HIIT: Proper Prescription

High Intensity Interval Training (HIIT) is a very effective way to get a large amount of work done in a short amount of time. It has a variety of benefits including increasing endurance but more importantly shedding fat. If you have been in a gym or read anything fitness related in the past ten years you have probably heard of it.

So why do I bring up such an old piece of information? One that I have actually written about in the past here?  Because it seems to be so misunderstood. More often than not I see HIIT performed incorrectly. I’m not talking about the exercises but the actual protocol (work, rest, programming variables).

Let’s start with the purpose for HIIT. We are looking to stay in the anaerobic zone which is why we rest. The anaerobic zone is one that operates in the absence of oxygen, where more muscle fiber is recruited. This is beneficial  to fat loss because it helps us to build muscle and uses mainly stored energy. How you can tell if you are staying in the anaerobic zone is that you won’t be able to keep up that pace of work for more than 30 seconds to a minute and will have to rest at least that long to maintain the same intensity of work for your next interval. If you can perform an exercise at the same intensity for several minutes in a row at the same intensity then it is not suited for HIIT. It’s not High Intensity at that point and qualifies as aerobic work. I have never met someone who can do prowler sprints or kettlebell swings at 90% intensity for more than a minute, because it’s scientifically impossible. At some point in time, 30 seconds to 1 minute, you will slow down and work your way into aerobic work, which is exactly what we don’t want.

Proper prescription of HIIT will never put you in a negative rest ratio meaning you will never work more than you rest.  This is very important because without sufficient rest you won’t be able to keep up such a high intensity. Some of my favorite rest to work ratios with HIIT are even work:rest meaning 30 seconds on, 30 seconds off. My personal favorite would be a rest ratio that is 50% to 100% longer than the work ratio meaning 30 seconds off and 45 seconds to 1 minute rest. Another that I also like to use in group classes are ascending rest periods which start with an even work:rest and increase the rest each round, round 1 30:30, round 2 30:45, round 3 30:60, etc. My reasoning for employing higher rest than work periods is I would rather have you go all out for 30 seconds and know you had time to recover. In my experience as a trainer I have observed that it’s easy to conserve energy and hold back if you know that you aren’t going to be able to recover. The only thing worse than going aerobic for our purpose is not getting into the anaerobic zone because of self preservation.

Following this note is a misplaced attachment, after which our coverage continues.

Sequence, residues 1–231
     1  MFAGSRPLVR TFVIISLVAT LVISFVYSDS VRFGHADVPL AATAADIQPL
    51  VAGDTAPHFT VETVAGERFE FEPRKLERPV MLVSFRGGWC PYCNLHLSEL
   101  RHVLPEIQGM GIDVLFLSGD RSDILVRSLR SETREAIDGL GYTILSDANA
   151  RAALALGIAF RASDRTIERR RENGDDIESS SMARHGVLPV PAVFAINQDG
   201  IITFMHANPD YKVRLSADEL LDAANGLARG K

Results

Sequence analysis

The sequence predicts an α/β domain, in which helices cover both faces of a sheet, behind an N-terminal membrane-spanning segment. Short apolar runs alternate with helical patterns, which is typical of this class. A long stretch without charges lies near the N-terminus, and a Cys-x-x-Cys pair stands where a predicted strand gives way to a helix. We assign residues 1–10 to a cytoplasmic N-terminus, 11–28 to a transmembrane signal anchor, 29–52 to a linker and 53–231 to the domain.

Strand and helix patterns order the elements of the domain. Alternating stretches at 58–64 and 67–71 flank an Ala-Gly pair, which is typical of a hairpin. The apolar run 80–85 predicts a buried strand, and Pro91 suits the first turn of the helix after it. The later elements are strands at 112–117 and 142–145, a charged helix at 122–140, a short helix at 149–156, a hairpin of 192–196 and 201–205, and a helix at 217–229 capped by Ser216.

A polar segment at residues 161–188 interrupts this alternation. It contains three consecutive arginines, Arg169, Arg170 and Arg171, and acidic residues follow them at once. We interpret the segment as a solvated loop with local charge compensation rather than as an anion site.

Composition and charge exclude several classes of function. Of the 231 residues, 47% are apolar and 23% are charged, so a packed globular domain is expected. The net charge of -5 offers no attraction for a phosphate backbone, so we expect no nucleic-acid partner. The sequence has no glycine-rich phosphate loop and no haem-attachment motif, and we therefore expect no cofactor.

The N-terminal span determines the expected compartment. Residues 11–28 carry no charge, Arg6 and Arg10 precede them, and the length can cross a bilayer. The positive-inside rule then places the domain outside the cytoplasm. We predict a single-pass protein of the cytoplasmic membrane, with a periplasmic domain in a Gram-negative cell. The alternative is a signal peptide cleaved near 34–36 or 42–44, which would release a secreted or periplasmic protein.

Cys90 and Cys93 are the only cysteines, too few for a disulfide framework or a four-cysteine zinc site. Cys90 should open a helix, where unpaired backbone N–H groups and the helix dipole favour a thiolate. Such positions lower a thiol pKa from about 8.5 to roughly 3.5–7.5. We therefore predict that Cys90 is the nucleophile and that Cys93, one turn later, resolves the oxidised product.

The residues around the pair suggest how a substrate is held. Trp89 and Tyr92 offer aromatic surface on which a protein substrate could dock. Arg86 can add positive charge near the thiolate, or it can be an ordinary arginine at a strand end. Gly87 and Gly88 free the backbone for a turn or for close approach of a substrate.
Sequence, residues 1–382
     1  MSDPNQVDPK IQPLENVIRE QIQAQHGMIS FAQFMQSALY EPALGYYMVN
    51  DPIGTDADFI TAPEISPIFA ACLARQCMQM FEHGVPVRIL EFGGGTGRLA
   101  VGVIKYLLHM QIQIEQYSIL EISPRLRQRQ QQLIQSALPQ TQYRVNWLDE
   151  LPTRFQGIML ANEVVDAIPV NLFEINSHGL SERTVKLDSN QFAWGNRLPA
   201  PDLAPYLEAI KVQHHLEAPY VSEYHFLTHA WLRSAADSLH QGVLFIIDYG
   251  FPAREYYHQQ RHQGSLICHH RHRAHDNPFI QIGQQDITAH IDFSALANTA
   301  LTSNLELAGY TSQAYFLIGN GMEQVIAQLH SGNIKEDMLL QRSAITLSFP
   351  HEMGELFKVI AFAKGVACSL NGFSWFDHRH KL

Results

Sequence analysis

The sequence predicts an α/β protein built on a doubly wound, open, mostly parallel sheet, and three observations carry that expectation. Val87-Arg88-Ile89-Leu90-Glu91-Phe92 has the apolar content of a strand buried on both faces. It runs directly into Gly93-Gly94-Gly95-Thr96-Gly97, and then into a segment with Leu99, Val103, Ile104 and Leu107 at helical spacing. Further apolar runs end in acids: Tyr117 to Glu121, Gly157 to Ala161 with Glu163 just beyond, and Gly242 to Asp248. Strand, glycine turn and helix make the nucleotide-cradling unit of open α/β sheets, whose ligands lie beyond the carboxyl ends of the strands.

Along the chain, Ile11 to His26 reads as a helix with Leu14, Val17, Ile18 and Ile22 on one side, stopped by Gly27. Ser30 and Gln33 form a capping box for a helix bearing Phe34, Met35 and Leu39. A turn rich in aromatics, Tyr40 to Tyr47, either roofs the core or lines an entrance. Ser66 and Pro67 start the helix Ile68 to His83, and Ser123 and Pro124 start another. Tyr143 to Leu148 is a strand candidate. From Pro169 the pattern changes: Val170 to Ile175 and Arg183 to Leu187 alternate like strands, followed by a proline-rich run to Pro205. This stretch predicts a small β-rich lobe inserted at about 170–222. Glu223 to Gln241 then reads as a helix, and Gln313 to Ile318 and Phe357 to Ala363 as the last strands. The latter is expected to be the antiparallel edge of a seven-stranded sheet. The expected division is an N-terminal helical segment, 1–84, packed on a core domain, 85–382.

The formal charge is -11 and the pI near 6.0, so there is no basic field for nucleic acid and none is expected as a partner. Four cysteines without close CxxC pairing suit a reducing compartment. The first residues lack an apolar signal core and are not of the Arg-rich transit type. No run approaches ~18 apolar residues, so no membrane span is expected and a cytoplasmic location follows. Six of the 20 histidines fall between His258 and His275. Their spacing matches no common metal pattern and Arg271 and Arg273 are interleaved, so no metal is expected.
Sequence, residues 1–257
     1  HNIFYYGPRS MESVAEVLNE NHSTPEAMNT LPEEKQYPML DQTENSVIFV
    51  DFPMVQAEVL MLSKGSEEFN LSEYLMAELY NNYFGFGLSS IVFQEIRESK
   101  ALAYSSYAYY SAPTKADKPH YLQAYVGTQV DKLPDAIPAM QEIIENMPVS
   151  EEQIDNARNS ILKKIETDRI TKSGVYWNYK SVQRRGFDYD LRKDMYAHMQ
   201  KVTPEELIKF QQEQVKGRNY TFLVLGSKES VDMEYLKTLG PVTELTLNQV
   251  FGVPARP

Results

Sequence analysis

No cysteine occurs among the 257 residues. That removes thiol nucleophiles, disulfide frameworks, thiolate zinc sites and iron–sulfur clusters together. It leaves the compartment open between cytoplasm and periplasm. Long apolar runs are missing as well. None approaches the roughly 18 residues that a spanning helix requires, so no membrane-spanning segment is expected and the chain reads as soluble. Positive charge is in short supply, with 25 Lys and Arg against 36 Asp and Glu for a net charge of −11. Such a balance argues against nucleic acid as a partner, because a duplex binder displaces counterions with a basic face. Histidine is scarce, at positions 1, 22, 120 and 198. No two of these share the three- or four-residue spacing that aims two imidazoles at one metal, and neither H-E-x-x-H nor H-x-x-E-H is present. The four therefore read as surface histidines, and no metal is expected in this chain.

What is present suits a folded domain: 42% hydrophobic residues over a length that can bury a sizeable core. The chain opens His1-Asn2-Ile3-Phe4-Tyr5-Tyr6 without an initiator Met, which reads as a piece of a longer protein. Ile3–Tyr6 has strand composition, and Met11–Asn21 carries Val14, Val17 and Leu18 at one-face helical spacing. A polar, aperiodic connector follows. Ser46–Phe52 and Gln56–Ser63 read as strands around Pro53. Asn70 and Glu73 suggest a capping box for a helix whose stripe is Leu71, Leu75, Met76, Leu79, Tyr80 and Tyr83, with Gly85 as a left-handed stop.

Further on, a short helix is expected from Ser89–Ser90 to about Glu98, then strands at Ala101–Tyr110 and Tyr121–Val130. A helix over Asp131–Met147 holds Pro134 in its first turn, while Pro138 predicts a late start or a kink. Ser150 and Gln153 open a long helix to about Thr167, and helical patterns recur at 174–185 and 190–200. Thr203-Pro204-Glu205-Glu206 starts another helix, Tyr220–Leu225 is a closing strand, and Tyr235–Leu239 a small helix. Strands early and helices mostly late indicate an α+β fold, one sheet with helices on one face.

Keeping up the intensity even with a proper rest period can be tough! Which is why I don’t recommend doing HIIT for more than 10-20 minutes straight depending on exercise choice. That doesn’t mean that you can’t take two to three minutes off and come back for another round which is exactly what I would recommend. This longer break will give you time to grab water and catch your breath while you mentally regroup for another round.

Quick recap of how to properly use HIIT. Work hard, rest hard and keep it intense!

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